In Huawei extradition case, arguments wrap up about alleged U.S. international law violation

© Reuters. FILE PHOTO: The Huawei logo is seen at the IFA consumer technology fair, in Berlin

By Sarah Berman and Moira Warburton

VANCOUVER (Reuters) – A branch of arguments in Huawei Chief Financial Officer Meng Wanzhou’s bid to stop her extradition to the United States from Canada ended on Thursday with a prosecutor saying her lawyers had an “impoverished” view of the facts over their assertion U.S. authorities violated international law.

Meng, 49, was arrested at Vancouver International Airport in December 2018 on a U.S. warrant for bank fraud. She is accused of misleading HSBC about Huawei’s business dealings in Iran, putting the bank at risk of violating U.S. sanctions.

Meng has maintained she is innocent of the charges and is fighting the extradition while under house arrest in Vancouver. Her legal team is seeking a stay of proceedings, citing abuses of process.

The British Columbia Supreme Court judge has already heard arguments that alleged rights violations during Meng’s arrest and political interference by former U.S. President Donald Trump should invalidate the extradition and allow Meng to return to China.

This week Meng’s legal team made submissions that the U.S. indictment itself violated international law because the misleading statements at the heart of the case did not have a substantial enough connection to the United States.

Canadian prosecutor Robert Frater urged the judge to reject that argument, saying it should be up to Canada’s minister of foreign affairs to make decisions about U.S. jurisdiction.

He said the argument denied important context, and was based on an “impoverished” interpretation of the facts of the case.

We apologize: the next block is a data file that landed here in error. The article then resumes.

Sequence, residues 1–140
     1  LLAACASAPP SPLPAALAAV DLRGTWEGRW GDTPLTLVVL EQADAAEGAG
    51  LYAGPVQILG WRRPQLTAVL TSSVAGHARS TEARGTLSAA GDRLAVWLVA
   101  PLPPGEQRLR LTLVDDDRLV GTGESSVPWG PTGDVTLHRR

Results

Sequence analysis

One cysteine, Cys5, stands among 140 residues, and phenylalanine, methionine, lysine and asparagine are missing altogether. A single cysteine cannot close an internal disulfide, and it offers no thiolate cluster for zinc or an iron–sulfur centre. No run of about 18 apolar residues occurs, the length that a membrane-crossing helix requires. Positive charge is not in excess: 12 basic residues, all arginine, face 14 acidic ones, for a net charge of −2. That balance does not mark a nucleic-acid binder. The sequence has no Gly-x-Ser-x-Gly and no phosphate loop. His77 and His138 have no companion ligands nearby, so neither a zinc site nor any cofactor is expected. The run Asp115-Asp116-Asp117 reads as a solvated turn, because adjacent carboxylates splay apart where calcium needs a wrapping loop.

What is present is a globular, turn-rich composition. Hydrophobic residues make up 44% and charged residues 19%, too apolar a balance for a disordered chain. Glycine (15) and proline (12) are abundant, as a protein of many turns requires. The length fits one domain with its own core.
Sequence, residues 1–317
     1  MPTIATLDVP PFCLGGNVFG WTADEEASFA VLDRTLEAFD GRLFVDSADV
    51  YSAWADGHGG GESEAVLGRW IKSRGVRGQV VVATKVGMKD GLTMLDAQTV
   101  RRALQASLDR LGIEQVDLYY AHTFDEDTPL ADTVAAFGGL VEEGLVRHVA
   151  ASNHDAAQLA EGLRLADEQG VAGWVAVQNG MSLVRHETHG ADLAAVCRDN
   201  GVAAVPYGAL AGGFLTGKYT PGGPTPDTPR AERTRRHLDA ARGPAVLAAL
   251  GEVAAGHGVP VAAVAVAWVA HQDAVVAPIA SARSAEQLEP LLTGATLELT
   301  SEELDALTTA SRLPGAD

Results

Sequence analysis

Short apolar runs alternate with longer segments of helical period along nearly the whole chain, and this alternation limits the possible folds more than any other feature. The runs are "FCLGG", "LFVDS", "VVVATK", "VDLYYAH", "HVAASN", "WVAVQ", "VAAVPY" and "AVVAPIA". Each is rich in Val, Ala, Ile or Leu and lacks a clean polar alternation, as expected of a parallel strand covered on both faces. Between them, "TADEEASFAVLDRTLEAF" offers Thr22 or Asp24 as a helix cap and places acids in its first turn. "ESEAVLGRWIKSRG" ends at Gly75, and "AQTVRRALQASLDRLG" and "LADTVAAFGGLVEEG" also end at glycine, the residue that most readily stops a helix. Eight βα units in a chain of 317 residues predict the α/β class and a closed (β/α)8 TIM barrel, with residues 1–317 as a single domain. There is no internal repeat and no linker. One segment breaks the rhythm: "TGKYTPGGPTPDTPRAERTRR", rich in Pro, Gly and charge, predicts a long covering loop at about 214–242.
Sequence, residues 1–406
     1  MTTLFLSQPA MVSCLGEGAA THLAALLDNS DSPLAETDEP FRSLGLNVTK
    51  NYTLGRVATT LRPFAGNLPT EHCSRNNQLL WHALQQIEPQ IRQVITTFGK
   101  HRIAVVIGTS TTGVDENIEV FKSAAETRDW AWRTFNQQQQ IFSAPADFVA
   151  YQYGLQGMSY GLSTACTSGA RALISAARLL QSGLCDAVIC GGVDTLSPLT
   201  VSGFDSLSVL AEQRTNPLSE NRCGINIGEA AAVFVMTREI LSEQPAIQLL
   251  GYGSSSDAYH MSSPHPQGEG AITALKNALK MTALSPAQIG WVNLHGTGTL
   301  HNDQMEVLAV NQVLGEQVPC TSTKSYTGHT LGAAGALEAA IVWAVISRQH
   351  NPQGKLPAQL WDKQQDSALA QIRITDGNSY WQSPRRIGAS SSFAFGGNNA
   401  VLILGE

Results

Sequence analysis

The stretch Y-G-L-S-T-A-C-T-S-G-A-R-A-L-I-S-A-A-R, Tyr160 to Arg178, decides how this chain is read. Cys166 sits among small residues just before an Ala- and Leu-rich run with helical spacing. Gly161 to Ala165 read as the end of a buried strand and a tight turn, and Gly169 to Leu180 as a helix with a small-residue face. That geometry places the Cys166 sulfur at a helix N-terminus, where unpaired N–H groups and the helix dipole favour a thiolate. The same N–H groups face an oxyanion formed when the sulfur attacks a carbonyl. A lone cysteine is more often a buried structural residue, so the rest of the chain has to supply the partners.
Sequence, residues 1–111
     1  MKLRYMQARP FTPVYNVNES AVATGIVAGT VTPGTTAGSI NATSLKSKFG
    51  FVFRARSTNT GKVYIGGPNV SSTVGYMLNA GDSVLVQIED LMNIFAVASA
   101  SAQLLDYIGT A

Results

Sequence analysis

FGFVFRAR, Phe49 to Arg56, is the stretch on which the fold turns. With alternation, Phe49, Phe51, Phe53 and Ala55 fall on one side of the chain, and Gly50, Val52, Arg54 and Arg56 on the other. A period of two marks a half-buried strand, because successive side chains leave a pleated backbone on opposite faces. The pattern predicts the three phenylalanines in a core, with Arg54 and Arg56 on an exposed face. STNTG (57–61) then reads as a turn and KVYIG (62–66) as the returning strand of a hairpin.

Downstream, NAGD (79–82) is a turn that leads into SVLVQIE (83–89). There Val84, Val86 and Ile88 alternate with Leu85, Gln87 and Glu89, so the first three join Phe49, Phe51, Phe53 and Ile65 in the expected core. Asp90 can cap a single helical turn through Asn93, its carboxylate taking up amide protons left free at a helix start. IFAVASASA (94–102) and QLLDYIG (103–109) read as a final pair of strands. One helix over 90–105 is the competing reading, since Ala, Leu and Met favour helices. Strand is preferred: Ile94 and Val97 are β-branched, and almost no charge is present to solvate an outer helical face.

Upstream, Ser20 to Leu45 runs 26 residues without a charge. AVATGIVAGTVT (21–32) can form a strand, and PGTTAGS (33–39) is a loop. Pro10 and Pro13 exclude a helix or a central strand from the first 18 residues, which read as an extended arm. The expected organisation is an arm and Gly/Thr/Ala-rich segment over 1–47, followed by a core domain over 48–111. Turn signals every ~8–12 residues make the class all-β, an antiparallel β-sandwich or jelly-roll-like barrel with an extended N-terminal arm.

READ  Insurers, oil majors put FTSE 100 on track for weekly losses

“The lies in Hong Kong are not about risks in Hong Kong. They are about risks primarily in the United States,” Frater said, referring to the misleading statements Meng allegedly gave to HSBC at a meeting in Hong Kong, which form the basis of the United States’ case against her.

Defence lawyer Gib van Ert argued U.S. authorities’ claimed jurisdiction over Meng’s conduct in Hong Kong is unfounded, calling it a “plain power grab” on Tuesday.

Meng’s legal team is expected to argue one more attempt to cancel the extradition, based on allegations of misrepresentations in the record of the case, starting on April 26. Her case is set to wrap up in May.

Disclaimer: Fusion Media would like to remind you that the data contained in this website is not necessarily real-time nor accurate. All CFDs (stocks, indexes, futures) and Forex prices are not provided by exchanges but rather by market makers, and so prices may not be accurate and may differ from the actual market price, meaning prices are indicative and not appropriate for trading purposes. Therefore Fusion Media doesn`t bear any responsibility for any trading losses you might incur as a result of using this data.

Fusion Media or anyone involved with Fusion Media will not accept any liability for loss or damage as a result of reliance on the information including data, quotes, charts and buy/sell signals contained within this website. Please be fully informed regarding the risks and costs associated with trading the financial markets, it is one of the riskiest investment forms possible.

READ  SoftBank's Second Vision Fund Is Starting Life a Lot Smaller Than the First



Please enter your comment!
Please enter your name here